Last Tuesday Form IV went to West Wittering to learn about coasts. We talked about the map of West Wittering, Chichester Harbour and East Head.
First we went down to the beach and made two rows of 25 sand castles in a line to see how far the tide came in. We had a race to see who was quickest. We ran up and down the beach like waves to show how waves pick up stones and sand and deposit it up the beach. The waves move at a diagonal angle called long shore drift. We swashed and we backwashed! Then we had a sand castle competition.
At lunchtime we were mobbed by seagulls because Hugo, Olivia and Oliver decided to feed them despite being told not to! Lucy hid under the table.
After lunch we explored the salt marsh and the sand dunes. There were loads of crab shells on the ground in the salt marsh. The plants were special because they had adapted to the salt water – they looked like sea urchins without the spikes. The salt marsh is a natural sea defence because the marsh slows down the waves. It is also a special habitat for plants and animals.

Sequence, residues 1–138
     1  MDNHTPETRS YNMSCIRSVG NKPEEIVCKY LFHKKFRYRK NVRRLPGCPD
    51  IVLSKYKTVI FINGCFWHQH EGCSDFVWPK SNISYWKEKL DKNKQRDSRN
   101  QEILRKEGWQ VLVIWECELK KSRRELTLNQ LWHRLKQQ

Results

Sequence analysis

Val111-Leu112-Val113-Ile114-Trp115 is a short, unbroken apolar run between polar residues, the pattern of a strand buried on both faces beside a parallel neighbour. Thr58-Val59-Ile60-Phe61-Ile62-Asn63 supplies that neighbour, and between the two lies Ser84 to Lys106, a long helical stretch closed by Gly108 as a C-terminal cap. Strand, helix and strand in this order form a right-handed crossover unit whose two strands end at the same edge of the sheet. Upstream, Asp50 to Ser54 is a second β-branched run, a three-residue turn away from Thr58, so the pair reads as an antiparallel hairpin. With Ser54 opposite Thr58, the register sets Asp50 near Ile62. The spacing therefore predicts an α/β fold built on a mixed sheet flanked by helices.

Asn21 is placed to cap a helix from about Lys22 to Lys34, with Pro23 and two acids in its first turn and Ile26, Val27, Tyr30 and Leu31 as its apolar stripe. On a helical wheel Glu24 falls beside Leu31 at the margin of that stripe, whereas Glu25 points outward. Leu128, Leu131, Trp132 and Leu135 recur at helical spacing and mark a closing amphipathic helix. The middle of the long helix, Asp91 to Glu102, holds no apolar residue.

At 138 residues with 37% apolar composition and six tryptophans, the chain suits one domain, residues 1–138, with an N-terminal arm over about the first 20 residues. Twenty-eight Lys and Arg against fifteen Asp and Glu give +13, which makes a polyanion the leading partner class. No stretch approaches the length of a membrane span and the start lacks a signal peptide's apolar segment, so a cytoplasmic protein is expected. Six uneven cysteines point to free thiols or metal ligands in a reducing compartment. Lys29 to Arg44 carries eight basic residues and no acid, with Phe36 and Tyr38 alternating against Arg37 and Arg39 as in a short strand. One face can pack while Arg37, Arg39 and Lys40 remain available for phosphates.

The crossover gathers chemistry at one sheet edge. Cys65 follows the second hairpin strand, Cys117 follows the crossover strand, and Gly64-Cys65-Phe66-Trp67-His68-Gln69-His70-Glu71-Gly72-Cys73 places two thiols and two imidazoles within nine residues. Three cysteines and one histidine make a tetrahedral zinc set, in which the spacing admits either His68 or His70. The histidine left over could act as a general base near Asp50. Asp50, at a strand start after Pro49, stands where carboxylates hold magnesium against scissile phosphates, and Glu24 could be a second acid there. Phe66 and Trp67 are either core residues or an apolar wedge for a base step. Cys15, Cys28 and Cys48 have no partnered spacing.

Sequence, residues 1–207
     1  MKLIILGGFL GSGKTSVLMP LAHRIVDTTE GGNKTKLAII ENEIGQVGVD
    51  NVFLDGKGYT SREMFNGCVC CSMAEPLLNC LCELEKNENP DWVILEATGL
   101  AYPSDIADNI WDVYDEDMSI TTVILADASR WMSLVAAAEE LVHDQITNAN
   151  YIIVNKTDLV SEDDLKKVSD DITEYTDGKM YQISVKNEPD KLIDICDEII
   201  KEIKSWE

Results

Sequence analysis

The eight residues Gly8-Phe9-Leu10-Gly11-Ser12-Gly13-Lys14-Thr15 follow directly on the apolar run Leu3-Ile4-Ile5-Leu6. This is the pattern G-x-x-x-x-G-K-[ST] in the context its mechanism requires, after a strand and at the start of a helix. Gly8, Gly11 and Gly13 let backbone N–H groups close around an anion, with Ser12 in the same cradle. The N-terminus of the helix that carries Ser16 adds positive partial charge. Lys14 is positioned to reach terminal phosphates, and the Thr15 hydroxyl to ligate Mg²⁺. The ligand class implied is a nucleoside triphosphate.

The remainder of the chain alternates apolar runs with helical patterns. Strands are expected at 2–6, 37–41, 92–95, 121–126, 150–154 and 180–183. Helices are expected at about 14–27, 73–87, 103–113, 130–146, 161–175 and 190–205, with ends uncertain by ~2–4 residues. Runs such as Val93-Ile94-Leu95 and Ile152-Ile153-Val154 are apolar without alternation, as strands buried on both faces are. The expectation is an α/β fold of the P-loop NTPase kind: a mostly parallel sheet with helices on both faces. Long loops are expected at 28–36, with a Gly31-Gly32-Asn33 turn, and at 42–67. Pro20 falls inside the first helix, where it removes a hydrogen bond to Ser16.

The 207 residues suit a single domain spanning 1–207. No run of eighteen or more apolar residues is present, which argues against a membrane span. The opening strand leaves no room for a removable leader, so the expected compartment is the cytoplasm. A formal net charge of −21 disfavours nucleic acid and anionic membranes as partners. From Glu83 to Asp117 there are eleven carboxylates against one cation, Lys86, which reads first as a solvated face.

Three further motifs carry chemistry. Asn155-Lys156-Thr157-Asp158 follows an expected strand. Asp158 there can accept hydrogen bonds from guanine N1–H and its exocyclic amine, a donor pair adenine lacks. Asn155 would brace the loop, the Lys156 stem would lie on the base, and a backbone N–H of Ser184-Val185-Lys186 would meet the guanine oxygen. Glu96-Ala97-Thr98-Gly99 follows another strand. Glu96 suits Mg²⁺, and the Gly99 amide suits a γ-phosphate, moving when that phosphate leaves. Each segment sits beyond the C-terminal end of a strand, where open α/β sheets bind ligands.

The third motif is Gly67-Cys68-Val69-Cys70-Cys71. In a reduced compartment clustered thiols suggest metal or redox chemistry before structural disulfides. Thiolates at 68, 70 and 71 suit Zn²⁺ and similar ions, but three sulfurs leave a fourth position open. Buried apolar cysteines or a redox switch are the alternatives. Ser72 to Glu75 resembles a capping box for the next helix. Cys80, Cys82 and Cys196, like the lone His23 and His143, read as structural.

We lay down in the sand dunes and listened to the birds. We heard skylarks and swifts. Marram grass grows there and keeps the sand from blowing away. It is also a natural sea defence.
Down on the beach we collected different types of shells – the slipper limpet was by far the most common. Razor shells were the least common.
At the end of the trip, the sea had covered all of the sand castles – the tide had come all the way in! Just as we got onto the coach, it began to rain! We were so lucky.